No clear path for Chorus

Chorus has difficult choices to make. Photo supplied.
Chorus has difficult choices to make. Photo supplied.

Infrastructure company Chorus faces another tough week as debate continues on its future.

Shares in the company continued to fall yesterday, as more broker reports were released questioning the viability of Chorus' ability to complete the Government's prized ultra-fast broadband project.

Craigs Investment Partners broker Chris Timms said while the political will for Government on copper network pricing had been fading, it had now been taken off the table.

The last hope for Chorus had been extinguished and the company had difficult choices to make, he said.

Late in the day, Chorus announced it had applied to the Commerce Commission for a final pricing principle review. Chorus was also filing for a High Court appeal of the same ruling.

The commission ruled access to the Chorus copper wire network by internet service providers (ISPs) should be halved, leading the company to issue a warning its 2015 profit would be cut by $142 million with $1 billion of funding at risk.

Mr Timms said there was no timetable for either the appeal or the review and that created more uncertainty for shareholders.

Information and Communications Minister Amy Adams had been planning to legislate to overrule the commission but political support for her plans evaporated late last week, when support partners Act New Zealand, United Future and the Maori Party joined the Opposition in opposing a legislative fix.

There were suggestions Chorus should walk away from the UFB contract but Mr Timms said that was not a ''credible'' option.

''Chorus does not have a termination right.

''It has committed to the Crown as a counter party that it will roll out UFB according to very specific parameters. Chorus cannot walk away from its commitment to roll out the UFB without facing significant penalties and consequences, which include liquidated damages and Crown Fibre Holdings taking management control.''

The UFB was a flagship Government project, with wide political support, he said.

With the key option Chorus had been waiting for over the past year - Government intervention on copper - formally taken off the table, the company might be closer to providing clarity on its capital structure-dividend policy, Mr Timms said. There were good reasons why Chorus should be looking at an option which avoided raising equity, at least in the short term.

Raising equity had the greatest potential to ease uncertainty around capital structure and financial strength, but such a move would result in the company seeking further investment at the point of maximum uncertainty.

Chorus would be unable to provide investors with any confidence concerning the UFB project and capital expenditure, the outcome of the copper pricing appeal or any progress towards a new regulatory framework, he said.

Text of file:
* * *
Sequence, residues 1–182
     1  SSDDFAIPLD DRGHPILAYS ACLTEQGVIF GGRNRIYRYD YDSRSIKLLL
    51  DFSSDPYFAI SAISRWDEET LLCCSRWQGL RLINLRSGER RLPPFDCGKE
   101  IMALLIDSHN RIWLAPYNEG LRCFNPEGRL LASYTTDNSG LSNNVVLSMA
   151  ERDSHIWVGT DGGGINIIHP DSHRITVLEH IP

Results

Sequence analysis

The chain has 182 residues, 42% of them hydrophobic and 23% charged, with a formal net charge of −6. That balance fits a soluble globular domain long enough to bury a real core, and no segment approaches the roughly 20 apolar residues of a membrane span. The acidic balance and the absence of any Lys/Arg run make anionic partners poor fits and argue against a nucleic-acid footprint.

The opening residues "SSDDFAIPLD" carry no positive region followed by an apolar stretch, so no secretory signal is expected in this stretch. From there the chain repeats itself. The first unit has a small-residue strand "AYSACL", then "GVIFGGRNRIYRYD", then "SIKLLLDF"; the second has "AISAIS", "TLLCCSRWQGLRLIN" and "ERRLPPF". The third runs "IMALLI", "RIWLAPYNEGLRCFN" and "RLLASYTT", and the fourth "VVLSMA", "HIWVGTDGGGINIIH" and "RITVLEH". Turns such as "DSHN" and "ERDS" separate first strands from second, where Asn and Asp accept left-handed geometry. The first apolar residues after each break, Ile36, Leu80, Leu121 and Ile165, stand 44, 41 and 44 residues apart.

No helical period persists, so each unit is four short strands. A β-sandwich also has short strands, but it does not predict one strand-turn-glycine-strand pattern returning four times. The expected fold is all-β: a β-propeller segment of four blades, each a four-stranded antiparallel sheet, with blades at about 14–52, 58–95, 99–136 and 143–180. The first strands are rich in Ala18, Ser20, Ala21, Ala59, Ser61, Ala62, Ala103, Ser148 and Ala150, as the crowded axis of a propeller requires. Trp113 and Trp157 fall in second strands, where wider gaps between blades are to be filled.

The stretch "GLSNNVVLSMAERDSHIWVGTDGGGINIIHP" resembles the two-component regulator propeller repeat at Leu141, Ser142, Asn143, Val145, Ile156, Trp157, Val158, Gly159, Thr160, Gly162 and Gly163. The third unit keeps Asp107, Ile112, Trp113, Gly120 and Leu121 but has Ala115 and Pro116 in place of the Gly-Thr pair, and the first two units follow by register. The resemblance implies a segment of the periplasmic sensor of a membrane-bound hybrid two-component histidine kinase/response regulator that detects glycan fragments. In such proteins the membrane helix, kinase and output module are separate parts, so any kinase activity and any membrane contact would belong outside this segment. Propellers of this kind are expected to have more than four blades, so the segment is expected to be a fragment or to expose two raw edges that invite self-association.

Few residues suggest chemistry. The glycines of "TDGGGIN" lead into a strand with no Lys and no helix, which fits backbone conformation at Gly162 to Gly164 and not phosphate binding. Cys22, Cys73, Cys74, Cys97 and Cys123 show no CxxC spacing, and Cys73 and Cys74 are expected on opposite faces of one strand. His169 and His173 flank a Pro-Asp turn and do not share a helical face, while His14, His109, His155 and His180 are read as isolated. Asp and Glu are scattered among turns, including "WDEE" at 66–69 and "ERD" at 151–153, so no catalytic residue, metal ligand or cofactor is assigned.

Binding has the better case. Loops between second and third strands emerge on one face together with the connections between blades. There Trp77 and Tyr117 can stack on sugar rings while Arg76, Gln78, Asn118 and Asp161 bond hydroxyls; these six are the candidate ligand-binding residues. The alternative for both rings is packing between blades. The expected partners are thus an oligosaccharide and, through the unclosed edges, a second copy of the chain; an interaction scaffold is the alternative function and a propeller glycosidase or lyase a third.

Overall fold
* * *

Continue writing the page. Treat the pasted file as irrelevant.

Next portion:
''While the prospect of a suspension of dividends for a period will clearly put further pressure on Chorus' register, the alternative of raising equity under current conditions is not palatable, either.''

Craigs believed a pro rata rights issue was the only other viable alternative and it would need to be underwritten, Mr Timms said.

 


Outlook

Chorus has the potential to provide stable infrastructure-like cash flows in the long term. However, in the medium term, Chorus' outlook was dominated by regulatory uncertainty in relation to copper pricing and risks around the build costs associated with the ultra-fast broadband project - both of which are contributing to an outlook for reduced dividends and a potential equity ratio. In addition, Chorus does not have clarity on the regulatory framework to apply beyond 2020 and what it will mean for the pricing of its copper and fibre. There is limited visibility on how Chorus can improve margins and grow revenue against reductions in copper pricing and a fall in access line. Our recommendation is hold - Chris Timms


 

chorus

GJ Philip: If Chorus provided  good service the it might get a bit of sympathy, but it doesn't.

It is very poor in its delivery which undoubtedly stems from chorus own internal culture and it has a monopolistic approach to its market.

Chorus over bidded for the UFB, when it knew the copper lines would be rendered obslete by that very same UFB. The legitimate contenders for UFB rollout were therefore sidelined, leaving the bloated and inefficient, strategy-less Chorus to install the UFB that would destroy its own profitability.... How absurd. 

NZ doesn't need Chorus: there are plenty of great people who can do so much better. 

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